DSIO will develop a program for staff to follow, assess and validate the NFA's oversight of swap dealers' and major swap participants' compliance with the Dodd-Frank requirements, including business conduct, capital, margin, and segregation requirements.

DSIO will perform a review of the financial surveillance programs of the major SROs, the NFA and the CME Group. The reviews will include an assessment of the SRO's oversight of member compliance with minimum financial and related reporting requirements, as well as certain non-financial requirements including sales practices and disciplinary programs.  The results of this review will be used to identify areas of weakness and develop solutions for improvement.

DSIO will take on the additional responsibilities imposed by the Dodd-Frank Act and the Commission's swap dealer and MSP rulemakings, while also continuing to address issues arising from the futures market and futures market participants.  DSIO will respond to formal and informal requests for interpretation of existing regulations impacting futures markets and futures market participants.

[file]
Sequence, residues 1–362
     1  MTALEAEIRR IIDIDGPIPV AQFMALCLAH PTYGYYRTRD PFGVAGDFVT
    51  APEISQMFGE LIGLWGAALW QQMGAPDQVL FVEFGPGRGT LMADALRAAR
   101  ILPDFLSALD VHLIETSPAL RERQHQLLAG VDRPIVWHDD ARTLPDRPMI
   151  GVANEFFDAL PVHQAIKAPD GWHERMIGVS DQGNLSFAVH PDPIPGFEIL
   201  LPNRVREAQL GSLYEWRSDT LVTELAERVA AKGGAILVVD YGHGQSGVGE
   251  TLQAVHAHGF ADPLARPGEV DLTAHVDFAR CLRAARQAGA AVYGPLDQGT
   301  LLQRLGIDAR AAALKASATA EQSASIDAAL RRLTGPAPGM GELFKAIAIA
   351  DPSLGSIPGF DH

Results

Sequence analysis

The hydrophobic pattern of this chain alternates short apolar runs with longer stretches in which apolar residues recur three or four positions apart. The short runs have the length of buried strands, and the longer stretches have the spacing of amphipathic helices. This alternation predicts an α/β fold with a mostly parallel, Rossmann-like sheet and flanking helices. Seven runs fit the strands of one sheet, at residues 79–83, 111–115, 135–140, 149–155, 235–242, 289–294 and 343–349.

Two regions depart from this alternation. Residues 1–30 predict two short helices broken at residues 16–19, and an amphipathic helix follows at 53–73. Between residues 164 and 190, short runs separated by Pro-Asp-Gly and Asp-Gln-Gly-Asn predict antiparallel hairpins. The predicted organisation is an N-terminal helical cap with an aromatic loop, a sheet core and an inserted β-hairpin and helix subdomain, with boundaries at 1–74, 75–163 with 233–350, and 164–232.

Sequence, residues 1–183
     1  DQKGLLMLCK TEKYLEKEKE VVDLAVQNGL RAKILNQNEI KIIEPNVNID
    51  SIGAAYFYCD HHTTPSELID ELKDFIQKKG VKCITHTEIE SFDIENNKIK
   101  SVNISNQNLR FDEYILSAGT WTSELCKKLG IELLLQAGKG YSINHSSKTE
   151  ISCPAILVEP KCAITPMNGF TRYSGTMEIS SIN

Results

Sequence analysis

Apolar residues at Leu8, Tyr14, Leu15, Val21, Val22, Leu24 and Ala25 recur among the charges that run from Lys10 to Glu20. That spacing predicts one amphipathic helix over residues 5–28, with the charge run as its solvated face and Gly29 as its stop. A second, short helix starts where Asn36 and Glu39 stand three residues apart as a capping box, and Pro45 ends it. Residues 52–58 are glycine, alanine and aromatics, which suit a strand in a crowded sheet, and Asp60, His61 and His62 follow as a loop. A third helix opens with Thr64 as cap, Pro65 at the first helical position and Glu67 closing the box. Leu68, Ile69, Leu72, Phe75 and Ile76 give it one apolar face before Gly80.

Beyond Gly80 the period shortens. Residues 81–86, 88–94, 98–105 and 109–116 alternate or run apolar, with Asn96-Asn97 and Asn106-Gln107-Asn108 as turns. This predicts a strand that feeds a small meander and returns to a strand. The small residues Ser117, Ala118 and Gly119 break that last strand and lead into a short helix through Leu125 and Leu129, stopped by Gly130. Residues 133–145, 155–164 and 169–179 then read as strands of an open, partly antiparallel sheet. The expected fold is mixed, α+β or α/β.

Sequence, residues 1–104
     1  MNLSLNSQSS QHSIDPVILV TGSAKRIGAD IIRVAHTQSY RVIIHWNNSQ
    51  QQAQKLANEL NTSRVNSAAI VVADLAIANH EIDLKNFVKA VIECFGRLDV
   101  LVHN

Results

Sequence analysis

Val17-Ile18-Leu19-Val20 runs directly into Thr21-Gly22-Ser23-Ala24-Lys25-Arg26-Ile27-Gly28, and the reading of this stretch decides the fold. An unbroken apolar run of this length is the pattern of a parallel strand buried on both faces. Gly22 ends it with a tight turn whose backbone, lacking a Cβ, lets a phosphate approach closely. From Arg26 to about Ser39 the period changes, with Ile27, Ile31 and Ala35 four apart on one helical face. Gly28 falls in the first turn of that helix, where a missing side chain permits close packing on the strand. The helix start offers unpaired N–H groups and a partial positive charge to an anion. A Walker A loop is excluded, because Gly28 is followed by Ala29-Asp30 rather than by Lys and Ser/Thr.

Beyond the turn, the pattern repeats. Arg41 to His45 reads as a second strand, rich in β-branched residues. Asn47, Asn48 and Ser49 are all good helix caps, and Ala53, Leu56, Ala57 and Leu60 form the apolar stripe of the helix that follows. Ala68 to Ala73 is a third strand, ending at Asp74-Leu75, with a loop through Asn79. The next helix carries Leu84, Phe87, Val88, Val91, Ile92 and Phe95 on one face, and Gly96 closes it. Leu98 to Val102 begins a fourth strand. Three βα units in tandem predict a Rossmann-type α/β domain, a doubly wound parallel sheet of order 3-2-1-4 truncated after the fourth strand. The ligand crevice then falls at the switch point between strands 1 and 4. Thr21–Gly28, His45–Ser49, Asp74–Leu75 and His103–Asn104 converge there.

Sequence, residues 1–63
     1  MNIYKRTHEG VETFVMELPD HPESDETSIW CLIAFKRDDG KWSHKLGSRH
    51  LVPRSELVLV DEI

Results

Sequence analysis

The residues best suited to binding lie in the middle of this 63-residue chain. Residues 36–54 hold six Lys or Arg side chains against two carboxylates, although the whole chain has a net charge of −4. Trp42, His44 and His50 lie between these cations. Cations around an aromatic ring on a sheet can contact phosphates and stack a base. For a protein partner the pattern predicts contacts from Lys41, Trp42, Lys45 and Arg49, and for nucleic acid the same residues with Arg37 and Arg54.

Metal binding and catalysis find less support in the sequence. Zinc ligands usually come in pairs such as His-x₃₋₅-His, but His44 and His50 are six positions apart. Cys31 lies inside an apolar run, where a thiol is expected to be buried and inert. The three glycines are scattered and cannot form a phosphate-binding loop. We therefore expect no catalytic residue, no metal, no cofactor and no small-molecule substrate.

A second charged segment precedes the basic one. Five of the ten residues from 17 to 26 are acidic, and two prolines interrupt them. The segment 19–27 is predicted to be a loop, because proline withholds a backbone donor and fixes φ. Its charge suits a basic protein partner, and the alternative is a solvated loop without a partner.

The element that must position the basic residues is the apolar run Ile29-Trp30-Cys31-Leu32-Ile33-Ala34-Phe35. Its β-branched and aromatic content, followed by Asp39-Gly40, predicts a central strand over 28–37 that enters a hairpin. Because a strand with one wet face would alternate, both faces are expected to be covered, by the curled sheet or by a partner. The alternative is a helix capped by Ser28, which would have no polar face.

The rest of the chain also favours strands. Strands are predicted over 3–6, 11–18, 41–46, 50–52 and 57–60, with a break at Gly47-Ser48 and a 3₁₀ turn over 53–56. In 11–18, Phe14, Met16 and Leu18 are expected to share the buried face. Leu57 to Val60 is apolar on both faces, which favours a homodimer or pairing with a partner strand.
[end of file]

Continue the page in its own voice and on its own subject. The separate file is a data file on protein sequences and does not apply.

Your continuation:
DSIO staff also will review rule submissions by futures markets SROs as required by the Dodd-Frank Act and Commission regulations.

Top FY 2014 President's Budget & Performance Planned Outcomes

Develop and issue rulemakings, orders, interpretations, and other regulatory work product related to SCs, MSPs, FCMs, IBs, commodity pool operators, commodity trading advisors, and associated persons.

Conduct annual reviews of SRO oversight programs, including NFA's program for the oversight of swap dealers and major swap participants.

Conduct direct reviews of Commission registrants, including FCMs, swap dealers, and major swap participants to assess their compliance with applicable regulations governing financial requirements and business conduct standards.

Review commodity pool financial data submitted by commodity pool operators for the purpose of assessing whether the financial positions of a commodity pool may pose systemic risk issues.

Review, evaluate and make determinations concerning applications submitted by FCMs, swap dealers, and MSPs to use proprietary models to compute regulatory capital and margin for uncleared swap transactions.